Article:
For just about an hour, "Blue Chips" seems to shape up as a smart, tough, cynical look at big-time college basketball as a hustling coach (played by Nick Nolte) tries to upgrade his faltering program by importing three blue-chip prospects.
But then it turns into an extended version of Edvard Munch's "The Scream," while Nolte, consumed with guilt about the under-the-table payments he's tacitly permitted, runs around clasping his hands against his ears and opening his mouth in primal agony like the twisted Munch-kin of the famous painting. Quick, get this guy some Mydol!
Nolte's astonishing naivete, when he discovers how corrupt is the milieu in which he's lived and flourished for his entire adult life, is the least credible aspect of the film. It turns the whole promising piece rancid, even as it yields, inevitably, the movie's campiest moment. This occurs when Nolte delivers a hysterical mea culpa before the astonished press and walks out. College coaches have an infinite capacity to astonish -- just last week, John Chaney of Temple went thermonuclear at another coach's press conference in a thoroughly appalling display of childishness -- but Nolte's self-immolation makes Chaney look like the soul of reason.
The movie, directed at a razzle-dazzle pace by William Friedkin (of "French Connection" fame), hails from a screenplay by Ron Shelton, who's found a niche exploring jock agonies and ecstasies, as in "Bull Durham" and "White Men Can't Jump." Shelton, an ex-minor league ball player (in the Orioles system, no less), has clear insight into the problematic psyches of beings who make their way in the world on the immensity of their strength and the delicacy of their hand-eye coordination. He treats them like men, not gods, a refreshing change in tone from the mythopoetics of industrial-strength sneaker ads.
But it's also typical of Shelton, unfortunately, that he tries to cram the whole world into two hours. His movies are too rich with incident and character; they're so overstuffed they seem to deconstruct under their own weight as plot twists and revelations pile up like mountains of potatoes at the team training table. That's a crucial flaw here.
Nolte's Pete Bell, of fictional Western University, is envisioned as a Dean Smith kind of guy. He's won two national championships, passel of conference titles and is so well-connected with the basketball establishment that he can pull up at a court in French Lick, Ind., and see a galumphing giant tossing in three-pointers under a whirlpool of blond hair, and sing out, "Hey, Larry," to which Larry Bird responds, "Hey, Petey." (In fact, the cameo-rich aspect of "Blue Chips" is its most enjoyable feature. Besides Bird, Rick Pitino, Bobby Knight, Bobby Hurley, Dick Vitale, Bob Cousy and others I may have missed appear.)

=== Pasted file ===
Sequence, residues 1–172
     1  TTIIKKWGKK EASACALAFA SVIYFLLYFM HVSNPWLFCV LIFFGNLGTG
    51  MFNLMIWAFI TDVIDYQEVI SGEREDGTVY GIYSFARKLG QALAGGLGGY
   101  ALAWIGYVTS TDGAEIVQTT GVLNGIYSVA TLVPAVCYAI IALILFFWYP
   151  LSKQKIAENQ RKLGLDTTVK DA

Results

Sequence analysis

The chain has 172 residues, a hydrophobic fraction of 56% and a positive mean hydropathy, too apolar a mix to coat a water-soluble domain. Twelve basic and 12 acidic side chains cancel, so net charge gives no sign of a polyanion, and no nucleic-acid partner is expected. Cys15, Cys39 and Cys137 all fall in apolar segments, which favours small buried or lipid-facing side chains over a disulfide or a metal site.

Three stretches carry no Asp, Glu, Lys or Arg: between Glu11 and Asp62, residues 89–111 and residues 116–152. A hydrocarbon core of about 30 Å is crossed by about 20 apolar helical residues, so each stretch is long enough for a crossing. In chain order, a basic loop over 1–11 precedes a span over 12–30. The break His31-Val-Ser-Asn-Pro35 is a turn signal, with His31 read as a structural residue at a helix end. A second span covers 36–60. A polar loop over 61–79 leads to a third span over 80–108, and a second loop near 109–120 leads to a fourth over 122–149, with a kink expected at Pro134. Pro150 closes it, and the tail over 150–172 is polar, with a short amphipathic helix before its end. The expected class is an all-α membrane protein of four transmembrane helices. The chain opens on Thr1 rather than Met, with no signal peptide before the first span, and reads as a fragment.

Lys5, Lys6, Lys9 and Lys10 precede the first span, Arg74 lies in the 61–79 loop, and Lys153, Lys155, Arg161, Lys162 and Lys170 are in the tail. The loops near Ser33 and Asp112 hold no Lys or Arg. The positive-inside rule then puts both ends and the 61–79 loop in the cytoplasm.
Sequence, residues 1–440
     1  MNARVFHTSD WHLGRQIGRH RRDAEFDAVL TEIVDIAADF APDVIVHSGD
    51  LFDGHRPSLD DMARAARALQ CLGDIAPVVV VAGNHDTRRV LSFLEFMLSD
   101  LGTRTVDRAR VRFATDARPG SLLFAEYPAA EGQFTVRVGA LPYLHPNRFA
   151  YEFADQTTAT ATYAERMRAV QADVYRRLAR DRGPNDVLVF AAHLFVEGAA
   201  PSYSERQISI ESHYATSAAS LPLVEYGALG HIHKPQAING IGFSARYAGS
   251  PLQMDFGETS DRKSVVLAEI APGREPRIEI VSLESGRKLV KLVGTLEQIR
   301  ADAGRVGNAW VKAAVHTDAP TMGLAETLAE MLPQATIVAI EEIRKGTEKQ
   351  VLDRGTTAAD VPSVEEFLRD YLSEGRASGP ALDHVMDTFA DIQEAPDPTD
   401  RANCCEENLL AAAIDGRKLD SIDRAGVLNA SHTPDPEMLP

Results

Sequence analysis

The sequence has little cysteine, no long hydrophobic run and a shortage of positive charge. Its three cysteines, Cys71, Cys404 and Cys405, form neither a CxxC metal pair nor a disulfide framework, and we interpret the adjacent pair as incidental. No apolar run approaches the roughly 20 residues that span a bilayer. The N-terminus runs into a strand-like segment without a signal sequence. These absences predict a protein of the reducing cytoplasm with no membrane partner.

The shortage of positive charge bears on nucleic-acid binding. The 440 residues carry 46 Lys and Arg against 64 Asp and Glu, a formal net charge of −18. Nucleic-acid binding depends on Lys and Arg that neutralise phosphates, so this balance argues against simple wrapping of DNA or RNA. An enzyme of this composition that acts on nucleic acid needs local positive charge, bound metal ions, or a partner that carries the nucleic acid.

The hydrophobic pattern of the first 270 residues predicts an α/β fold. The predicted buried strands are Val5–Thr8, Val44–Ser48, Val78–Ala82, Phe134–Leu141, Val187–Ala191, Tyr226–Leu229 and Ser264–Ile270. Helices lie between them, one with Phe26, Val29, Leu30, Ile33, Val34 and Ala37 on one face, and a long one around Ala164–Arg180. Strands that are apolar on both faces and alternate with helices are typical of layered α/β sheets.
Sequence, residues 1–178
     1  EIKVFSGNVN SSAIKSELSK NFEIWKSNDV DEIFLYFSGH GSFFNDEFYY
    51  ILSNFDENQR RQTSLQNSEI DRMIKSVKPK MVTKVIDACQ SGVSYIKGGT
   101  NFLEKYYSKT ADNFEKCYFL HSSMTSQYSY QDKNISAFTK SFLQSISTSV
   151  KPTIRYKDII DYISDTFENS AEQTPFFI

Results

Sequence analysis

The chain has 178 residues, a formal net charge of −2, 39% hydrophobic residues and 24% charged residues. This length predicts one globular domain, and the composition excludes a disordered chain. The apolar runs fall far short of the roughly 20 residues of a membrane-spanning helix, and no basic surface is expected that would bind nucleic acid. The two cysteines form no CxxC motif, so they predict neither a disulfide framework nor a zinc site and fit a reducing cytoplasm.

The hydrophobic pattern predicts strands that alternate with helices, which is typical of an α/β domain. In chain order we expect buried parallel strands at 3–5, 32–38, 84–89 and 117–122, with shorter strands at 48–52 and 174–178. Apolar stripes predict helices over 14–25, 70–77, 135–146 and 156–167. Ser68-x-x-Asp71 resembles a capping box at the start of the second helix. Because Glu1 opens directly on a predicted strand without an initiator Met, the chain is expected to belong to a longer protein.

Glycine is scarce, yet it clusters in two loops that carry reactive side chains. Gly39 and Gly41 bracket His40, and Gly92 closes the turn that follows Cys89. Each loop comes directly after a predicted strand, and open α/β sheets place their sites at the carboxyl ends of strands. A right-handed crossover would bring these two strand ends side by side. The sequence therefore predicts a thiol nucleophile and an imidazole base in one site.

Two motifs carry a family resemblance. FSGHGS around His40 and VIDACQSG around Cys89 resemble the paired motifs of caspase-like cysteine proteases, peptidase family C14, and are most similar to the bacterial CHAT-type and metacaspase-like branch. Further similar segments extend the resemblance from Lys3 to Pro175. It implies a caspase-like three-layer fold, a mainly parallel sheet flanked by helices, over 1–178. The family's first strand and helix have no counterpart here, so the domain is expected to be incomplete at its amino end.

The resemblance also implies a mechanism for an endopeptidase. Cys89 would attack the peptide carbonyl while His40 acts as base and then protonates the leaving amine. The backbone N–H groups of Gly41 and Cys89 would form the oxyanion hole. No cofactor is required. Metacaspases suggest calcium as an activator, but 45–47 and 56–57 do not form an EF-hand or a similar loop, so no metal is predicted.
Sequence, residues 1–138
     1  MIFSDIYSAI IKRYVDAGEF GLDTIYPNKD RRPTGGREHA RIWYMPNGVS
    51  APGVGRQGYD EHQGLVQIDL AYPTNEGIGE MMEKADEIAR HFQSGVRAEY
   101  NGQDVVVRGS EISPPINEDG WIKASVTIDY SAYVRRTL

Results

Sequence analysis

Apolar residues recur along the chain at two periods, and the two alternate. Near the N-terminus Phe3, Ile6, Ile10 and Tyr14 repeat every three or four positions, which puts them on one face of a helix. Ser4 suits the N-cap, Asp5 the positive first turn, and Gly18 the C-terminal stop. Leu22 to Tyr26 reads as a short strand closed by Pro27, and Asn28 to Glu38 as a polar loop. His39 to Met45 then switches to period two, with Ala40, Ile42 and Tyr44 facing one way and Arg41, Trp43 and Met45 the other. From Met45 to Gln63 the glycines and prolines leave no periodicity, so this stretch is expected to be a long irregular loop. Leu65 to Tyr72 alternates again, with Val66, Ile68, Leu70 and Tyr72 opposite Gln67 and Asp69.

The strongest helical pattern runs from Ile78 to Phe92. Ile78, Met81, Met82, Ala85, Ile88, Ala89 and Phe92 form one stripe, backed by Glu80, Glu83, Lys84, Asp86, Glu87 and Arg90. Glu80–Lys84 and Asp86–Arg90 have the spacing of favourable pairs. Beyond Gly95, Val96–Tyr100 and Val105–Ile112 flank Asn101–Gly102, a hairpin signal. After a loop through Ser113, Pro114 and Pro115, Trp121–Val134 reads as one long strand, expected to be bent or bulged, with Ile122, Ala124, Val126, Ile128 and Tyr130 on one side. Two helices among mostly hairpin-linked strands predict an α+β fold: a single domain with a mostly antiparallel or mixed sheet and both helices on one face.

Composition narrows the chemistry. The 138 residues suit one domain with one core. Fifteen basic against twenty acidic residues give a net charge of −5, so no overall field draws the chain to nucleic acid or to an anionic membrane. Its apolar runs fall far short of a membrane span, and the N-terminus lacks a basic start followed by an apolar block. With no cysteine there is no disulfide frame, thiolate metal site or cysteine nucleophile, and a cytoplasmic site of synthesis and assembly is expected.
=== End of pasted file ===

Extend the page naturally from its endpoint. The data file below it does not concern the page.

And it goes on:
But Pete has just suffered his first sub-.500 season and the pressures on him are mounting. He's got to bring off a recruiting coup to get back to the highest levels of the game, and the movie astutely demonstrates the con-man tilt to coaching, as Pete has to charm the kids he needs. Quickly connecting with two leading high school players (well-played by Orlando Magic rookie Anfernee Hardaway and former Indiana great Matt Nover), he realizes that they've already been sucked up into corruption: Each expects a payoff of a sort and, reluctantly, Pete agrees.
But then, almost by accident, he discovers the man-child who will lead him to the promised land. This is Shaquille O'Neal, as one Neon Boudeaux, who's as big as he is fast and fast as he is big. But if the movie means to play Neon's warrior's purity off against the mendacity of the other two, it doesn't. In fact, Neon is quickly absorbed into team culture; the uniqueness of his background -- after high school, he went into the Army where he grew eight inches, and now that he's finally stopped growing he's reacquired his coordination -- comes to be meaningless.
Friedkin has his best luck with his game sequences. He avoids the temptation of slow motion, which has become so tedious in sports films, and concentrates on the speed and power of the game. He loves to watch Shaq take off like a Titan 3 and decelerate through the atmosphere as he delivers another dunk with the authority of a nuclear strike. And the production values were high enough to fill a real field house with real people to capture the frenzy and the buzz of reality.
But meanwhile, the plot is bottoming out in soap opera cliches. Pete is running up against the swinish arrogance of a rich alum played by J.T. Walsh, another stroke that rings false: Coaches love fat-cat alumna, who build them gyms and weight rooms. Worse, Walsh is so over the top and gooey with evil he's a cartoon: he's Snidely Whiplash.
The movie ultimately comes to focus entirely too much on Pete's anguish, perhaps its least interesting motif, while even losing interest in O'Neal, who has great movie presence even as he has great court presence. "Blue Chips" comes to feel like a segment of "ESPN Sports Center" directed by Ingmar Bergman.
Starring Nick Nolte and Shaquille O'Neal
Directed by William Friedkin
Released by Paramount